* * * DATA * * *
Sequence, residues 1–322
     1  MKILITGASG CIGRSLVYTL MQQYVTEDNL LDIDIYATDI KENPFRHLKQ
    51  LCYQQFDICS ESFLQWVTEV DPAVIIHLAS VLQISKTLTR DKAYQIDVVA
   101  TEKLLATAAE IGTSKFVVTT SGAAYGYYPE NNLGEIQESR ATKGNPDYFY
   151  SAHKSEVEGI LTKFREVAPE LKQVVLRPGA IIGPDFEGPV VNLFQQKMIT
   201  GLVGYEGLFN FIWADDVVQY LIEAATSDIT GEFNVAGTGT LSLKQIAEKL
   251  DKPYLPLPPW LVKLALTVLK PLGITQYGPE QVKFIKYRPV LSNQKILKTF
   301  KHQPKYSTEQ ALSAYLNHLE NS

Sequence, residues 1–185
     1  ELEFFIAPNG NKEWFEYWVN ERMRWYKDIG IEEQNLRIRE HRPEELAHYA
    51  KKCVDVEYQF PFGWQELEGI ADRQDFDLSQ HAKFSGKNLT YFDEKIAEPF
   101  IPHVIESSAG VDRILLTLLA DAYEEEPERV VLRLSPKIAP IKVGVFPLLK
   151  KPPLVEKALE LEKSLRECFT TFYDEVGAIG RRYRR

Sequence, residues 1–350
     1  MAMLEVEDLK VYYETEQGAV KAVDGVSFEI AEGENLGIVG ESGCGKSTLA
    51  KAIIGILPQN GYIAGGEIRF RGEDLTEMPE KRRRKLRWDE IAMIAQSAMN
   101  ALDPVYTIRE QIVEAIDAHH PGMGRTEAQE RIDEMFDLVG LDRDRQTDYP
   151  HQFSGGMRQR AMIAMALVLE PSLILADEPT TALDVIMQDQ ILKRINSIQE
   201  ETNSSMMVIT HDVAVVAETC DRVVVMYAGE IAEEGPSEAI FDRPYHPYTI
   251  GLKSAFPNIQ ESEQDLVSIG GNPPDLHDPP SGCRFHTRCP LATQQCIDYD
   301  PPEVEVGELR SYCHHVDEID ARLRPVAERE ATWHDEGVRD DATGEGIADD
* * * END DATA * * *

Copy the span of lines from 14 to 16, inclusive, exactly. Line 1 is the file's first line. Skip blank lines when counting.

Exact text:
Sequence, residues 1–350
     1  MAMLEVEDLK VYYETEQGAV KAVDGVSFEI AEGENLGIVG ESGCGKSTLA
    51  KAIIGILPQN GYIAGGEIRF RGEDLTEMPE KRRRKLRWDE IAMIAQSAMN